CCTV is generally used in two ways by organisations, a) providing security on their premises for the safety of all that use them and b) to ensure that staff act in a way that matches the terms & conditions and HR policies that an organisation has issued.
If, as an organisation, you only want to comply with a) above, that fine. The consequence is that any time you want to use any footage for monitoring and recording wrong doing by staff it will be inadmissible.
Once you believe that using CCTV is necessary and is the only realistic security measure for your organisation, your need to understand your responsibilities.
You are required to:
- Create and issue a full set of policies and procedures that will identify why it is used.
- Create and issue clear responsibility and accountability on who is responsible for it.
- Provide a contact point for those who want to know what may be held about them.
- Ensure access to information captured is restricted.
- Ensure information captured is stored for the minimum time possible.
You will also need to have completed an assessment to confirm that the surveillance equipment purchased is the most appropriate for your business and that a “privacy by design” approach has been adopted.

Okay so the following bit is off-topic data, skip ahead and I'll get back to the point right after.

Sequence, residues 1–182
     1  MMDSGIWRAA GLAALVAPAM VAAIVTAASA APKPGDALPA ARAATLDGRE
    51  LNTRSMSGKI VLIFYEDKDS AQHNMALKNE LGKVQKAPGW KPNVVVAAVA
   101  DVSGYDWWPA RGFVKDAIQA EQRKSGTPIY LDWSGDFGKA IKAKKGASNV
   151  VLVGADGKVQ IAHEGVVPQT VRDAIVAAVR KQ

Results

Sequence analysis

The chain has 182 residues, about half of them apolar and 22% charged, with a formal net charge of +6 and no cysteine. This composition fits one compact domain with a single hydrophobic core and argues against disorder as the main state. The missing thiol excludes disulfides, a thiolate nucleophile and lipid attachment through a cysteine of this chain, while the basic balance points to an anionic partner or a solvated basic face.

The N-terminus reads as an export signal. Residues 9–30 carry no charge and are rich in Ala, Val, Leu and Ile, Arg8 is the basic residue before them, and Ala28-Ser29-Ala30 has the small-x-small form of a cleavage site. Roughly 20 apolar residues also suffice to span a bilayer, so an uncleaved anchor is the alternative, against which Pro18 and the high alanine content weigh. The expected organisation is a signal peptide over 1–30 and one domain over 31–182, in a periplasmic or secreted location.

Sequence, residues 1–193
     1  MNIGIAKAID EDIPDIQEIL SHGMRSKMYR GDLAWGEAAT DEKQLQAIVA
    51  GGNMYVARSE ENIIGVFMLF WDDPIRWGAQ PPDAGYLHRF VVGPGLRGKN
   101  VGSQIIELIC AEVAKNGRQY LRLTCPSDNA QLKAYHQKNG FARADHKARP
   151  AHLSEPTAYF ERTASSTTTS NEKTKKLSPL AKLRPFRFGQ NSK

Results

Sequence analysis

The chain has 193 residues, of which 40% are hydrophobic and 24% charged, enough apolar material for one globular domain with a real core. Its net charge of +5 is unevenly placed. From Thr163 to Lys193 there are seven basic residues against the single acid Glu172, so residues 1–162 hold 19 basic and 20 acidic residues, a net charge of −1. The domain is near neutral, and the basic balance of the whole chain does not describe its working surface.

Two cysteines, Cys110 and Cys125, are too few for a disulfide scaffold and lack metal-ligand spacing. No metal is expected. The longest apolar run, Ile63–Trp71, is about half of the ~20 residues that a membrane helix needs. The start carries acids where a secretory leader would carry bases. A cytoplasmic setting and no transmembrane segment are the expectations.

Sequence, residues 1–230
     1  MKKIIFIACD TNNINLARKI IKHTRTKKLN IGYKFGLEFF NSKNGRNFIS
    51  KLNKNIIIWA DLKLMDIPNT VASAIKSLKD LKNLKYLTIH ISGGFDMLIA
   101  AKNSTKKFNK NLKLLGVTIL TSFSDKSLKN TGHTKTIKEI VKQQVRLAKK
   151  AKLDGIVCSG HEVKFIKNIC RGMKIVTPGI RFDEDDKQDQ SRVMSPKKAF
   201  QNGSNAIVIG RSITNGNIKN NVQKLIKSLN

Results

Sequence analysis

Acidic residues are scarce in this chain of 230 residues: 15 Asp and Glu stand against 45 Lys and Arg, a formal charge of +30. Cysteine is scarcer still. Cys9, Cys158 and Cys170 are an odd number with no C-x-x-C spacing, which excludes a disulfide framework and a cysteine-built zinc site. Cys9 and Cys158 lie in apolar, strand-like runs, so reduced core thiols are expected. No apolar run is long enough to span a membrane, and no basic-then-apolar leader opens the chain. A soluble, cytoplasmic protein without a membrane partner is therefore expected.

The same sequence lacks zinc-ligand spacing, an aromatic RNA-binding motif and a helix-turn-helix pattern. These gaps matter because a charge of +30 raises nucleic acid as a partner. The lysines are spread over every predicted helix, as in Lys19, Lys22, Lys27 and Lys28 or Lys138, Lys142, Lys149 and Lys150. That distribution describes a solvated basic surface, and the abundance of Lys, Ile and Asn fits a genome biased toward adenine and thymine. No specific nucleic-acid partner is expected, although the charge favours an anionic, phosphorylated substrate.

As an organisation you need to sign post why you are using CCTV, otherwise it can be viewed as an infringement of human rights (article 8 of the Human Rights Act 1998). Therefore, signs that CCTV is in operation, and what they are being used for, are an important part of your responsibility as an organisation.
It is rare for small organisations to use CCTV for reason b), but it may be prudent where high value goods are present, or where there is a high frequency of alleged acts in contradiction to the disciplinary policy of the organisation. Also when option b) has been chosen, make sure that the HR policies held by the organisation are understood as well as the other segments that relate to the disciplinary process.
The last guidance, released by the ICO in August 2018 related primarily to the use of surveillance equipment that was permanently turned on, but also mentioned the code of conduct for use of CCTV equipment which can be found here:
Use of CCTV by organisations is a developing subject and many matters may still require clarification by the ICO following the completion of a full Data Protection Impact Assessment.
There is so much more information available, some of it very detailed. Please look through the other blogs and see if the information you want is provided.
If not, we would be pleased to answer your enquiry through firstname.lastname@example.org , or visit https://ico.org.uk/for-organisations/guide-to-data-protection/guide-to-the-general-data-protection-regulation-gdpr/ for more information direct from the ICO.